By pouring new thermite over hot, freshly ignited slag, for example, one can accidentally preheat thermite before ignition. A lit piece of preheated thermite can burn almost instantly, releasing light and heat at a much higher rate than normal, causing burns and eye damage at a distance that would otherwise be fairly safe.

Thermite can form accidentally when workers use ferrous metals to grind and cut wheels using abrasive materials. Aluminum can react with these oxides violently in this situation; this creates an explosion risk.

Mixing water with thermite or pouring water onto burning thermite can cause a steam explosion, spraying hot fragments in all directions.

One of the thermite’s main ingredients was also used to coat or dope the Hindenburg, probably contributing to its fiery demise, due to its properties in reflecting heat and insulating heat. This was a theory put forward by the former NASA scientist Addison Bain and later tested on a small scale by the scientific reality-TV show MythBusters with semi-inconclusive results (it was proven not to be the fault of the thermite reaction alone, but instead conjectured to be a combination of that and the burning of hydrogen gas that filled the body of the Hindenburg).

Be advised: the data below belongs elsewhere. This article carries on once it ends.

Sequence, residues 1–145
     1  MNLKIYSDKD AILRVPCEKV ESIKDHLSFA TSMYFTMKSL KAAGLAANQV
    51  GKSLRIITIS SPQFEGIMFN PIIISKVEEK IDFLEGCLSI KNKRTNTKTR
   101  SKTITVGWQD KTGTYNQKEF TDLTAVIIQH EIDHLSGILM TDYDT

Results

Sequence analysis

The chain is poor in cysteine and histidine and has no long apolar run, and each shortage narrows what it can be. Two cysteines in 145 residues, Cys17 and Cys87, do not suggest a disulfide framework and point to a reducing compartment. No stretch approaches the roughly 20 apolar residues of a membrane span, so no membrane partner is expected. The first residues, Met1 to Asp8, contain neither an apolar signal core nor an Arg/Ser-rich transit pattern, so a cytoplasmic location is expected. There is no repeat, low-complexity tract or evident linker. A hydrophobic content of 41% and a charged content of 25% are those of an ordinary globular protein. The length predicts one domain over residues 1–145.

Another video found on the Internet was also tested by the MythBusters program, in which a quantity of thermite was ignited while sitting atop several blocks of ice, causing a sudden explosion. As far as 50m from the explosion point, they found chunks of ice. Jamie Hyneman speculated that the mixture may have been aerosolized, perhaps by steam, causing it even faster to burn.

As well as being skeptical about one theory, he also voiced skepticism about another one: the idea that the reaction separated hydrogen from oxygen in the ice and caused it to ignite. In this explanation, aluminum molten at high temperatures reacts with water to cause an explosion. In high temperatures, aluminum releases hydrogen and oxidizes, releasing oxygen in the process.  

Thermite Reaction Safety Notes

During thermite reactions, the temperature rises rapidly. You can also damage your eyes from looking at the very bright light produced by the reaction in addition to getting burned if you get too close to it or have material ejected from it. Fire-safe surfaces should only be used for thermite reactions. Try to ignite the reaction from a far distance, while wearing protective clothing.